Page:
Issuers’ Commitments Would Add More Value than Any Rating Scheme Could Ever Do
This paper analyzes the evolution of the structured products market focusing on the tools available for private investors, on which they rely for the selection process. The selection process is extremely difficult because there is a myriad of products, because of the dynamic nature of the market and market participants’ actions, and because of the complexity of many of the products. We consider the existing types of tools, in particular the rating schemes that have been proposed by industry participants to provide guidance to the investor. We propose a set of properties that a rating scheme should show and check whether the existing schemes carry these properties. Our findings suggest that the existing rating schemes do not carry the desired properties. Furthermore, for the purpose of solving a highly indefinite selection process, an effective rating scheme may not exist. In light of this, we propose the introduction of a new quantity, the floor, that has a legal and financial meaning, on which issuers can also compete in addition to price and spread. Its acceptance and use would also yield standardization towards investors’ interests by excluding some pricing practices and severely limiting others. Even though very little research has been produced in this area, we believe this to be a topic of high importance in establishing guidelines for healthy industry development and regulation that upholds investors’ interests.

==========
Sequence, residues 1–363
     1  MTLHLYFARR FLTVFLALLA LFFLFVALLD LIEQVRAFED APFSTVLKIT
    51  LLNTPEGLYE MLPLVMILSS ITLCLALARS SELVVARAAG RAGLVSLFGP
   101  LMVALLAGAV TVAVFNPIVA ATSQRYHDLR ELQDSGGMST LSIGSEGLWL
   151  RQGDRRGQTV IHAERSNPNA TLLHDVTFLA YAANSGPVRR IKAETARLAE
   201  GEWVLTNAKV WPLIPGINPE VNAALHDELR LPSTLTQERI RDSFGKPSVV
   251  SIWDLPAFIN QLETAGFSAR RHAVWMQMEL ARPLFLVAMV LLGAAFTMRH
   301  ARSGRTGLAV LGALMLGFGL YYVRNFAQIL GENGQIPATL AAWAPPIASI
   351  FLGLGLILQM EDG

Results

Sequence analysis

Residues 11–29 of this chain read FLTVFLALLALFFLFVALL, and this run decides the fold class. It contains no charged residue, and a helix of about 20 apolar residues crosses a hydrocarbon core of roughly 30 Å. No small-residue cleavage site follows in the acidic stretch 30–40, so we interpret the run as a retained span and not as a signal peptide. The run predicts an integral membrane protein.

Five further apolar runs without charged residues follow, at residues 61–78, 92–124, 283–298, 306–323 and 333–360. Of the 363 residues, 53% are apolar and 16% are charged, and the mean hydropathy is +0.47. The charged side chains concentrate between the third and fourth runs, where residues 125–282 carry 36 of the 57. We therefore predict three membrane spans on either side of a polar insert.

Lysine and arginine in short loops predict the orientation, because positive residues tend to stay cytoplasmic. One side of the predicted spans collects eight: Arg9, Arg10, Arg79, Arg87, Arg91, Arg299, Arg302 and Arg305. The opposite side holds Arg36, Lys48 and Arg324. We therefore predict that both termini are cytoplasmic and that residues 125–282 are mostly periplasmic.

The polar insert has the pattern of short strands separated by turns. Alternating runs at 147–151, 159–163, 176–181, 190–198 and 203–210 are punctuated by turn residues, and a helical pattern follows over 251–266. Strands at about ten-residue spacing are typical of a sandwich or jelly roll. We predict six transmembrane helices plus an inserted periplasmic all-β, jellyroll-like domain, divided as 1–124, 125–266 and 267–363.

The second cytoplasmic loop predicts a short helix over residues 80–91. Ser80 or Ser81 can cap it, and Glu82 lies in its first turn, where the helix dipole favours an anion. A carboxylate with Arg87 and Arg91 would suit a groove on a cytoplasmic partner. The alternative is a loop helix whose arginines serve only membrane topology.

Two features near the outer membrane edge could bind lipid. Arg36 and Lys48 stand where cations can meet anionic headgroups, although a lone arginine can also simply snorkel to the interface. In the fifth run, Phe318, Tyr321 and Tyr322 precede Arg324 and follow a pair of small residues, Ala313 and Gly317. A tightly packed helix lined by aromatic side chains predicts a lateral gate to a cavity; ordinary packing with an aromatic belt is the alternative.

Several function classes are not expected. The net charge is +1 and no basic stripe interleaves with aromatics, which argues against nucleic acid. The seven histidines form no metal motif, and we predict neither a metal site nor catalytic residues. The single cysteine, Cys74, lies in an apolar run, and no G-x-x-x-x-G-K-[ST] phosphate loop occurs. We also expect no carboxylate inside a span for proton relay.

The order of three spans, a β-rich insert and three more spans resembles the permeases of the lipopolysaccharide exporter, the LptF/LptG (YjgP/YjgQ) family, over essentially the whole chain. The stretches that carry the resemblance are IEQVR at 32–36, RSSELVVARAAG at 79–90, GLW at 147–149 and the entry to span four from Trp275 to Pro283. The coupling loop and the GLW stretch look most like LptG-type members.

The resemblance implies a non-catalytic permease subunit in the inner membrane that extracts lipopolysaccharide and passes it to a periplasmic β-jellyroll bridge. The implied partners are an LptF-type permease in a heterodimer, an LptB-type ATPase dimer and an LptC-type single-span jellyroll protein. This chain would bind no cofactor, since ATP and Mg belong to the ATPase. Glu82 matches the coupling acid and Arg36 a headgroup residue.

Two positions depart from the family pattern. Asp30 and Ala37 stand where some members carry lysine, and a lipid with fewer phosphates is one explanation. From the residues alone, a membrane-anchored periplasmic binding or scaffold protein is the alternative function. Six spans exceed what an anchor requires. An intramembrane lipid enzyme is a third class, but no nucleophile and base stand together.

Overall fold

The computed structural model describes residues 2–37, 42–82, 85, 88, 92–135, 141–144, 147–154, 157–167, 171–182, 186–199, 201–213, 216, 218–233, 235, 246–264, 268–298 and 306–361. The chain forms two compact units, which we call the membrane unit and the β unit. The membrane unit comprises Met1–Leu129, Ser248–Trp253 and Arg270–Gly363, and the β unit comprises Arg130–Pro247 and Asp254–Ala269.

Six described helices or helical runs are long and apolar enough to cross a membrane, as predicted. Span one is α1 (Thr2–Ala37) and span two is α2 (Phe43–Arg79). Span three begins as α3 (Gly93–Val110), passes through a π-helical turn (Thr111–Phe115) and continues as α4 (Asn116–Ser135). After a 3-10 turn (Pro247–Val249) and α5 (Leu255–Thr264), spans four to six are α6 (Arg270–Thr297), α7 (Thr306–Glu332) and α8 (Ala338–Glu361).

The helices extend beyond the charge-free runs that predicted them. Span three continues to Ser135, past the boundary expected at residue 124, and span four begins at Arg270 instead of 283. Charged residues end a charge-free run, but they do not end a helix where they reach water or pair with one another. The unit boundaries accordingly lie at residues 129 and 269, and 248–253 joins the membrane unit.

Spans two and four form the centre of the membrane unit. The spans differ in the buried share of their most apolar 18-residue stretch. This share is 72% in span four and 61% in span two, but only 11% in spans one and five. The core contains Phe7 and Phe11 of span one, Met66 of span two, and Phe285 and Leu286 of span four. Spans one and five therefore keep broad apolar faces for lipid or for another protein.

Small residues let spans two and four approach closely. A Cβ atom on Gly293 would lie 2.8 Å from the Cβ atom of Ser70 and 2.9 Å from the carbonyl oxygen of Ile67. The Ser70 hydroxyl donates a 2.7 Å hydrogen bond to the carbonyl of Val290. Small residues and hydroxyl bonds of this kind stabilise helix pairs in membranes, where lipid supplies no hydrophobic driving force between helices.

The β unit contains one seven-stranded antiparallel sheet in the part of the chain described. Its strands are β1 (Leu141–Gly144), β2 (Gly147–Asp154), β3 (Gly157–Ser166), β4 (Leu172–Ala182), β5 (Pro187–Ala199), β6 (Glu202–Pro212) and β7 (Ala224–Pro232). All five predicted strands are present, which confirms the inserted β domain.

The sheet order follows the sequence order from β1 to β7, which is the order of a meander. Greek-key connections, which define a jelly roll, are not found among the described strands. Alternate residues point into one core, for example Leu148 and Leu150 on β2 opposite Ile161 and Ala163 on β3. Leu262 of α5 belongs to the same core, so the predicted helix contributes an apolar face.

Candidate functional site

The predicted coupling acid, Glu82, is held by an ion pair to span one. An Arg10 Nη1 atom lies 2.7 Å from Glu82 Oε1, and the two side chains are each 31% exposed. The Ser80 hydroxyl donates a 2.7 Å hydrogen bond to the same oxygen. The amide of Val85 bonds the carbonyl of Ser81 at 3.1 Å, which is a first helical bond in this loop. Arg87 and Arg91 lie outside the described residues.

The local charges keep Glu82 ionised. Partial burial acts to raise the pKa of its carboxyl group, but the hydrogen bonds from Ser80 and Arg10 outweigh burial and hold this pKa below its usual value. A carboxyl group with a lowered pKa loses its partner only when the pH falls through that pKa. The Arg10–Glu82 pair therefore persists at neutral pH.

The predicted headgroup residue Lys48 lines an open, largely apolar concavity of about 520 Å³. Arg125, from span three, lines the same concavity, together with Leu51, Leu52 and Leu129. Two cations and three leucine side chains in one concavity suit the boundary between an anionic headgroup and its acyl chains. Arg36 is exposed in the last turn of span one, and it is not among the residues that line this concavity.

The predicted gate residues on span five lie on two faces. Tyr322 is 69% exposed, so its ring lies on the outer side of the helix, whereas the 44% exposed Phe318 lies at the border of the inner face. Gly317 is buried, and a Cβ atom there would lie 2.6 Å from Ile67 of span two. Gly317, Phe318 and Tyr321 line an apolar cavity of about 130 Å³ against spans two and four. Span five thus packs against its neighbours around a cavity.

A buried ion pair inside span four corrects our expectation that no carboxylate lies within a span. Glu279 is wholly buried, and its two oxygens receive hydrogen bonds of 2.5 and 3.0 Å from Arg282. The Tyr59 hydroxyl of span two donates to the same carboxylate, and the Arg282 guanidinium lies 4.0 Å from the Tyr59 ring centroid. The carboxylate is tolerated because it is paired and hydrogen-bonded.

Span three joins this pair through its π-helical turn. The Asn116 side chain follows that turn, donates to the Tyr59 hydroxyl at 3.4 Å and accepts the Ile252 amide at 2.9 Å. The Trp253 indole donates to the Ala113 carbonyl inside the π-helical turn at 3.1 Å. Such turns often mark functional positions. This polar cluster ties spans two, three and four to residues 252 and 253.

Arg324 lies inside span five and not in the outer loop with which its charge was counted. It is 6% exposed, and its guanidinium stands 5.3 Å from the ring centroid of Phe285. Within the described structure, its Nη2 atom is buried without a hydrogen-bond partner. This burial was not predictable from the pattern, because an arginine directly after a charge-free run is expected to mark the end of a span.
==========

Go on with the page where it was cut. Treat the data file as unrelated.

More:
KeywordsStructure Product Rating Scheme Credit Rating Reference Price Price Policy
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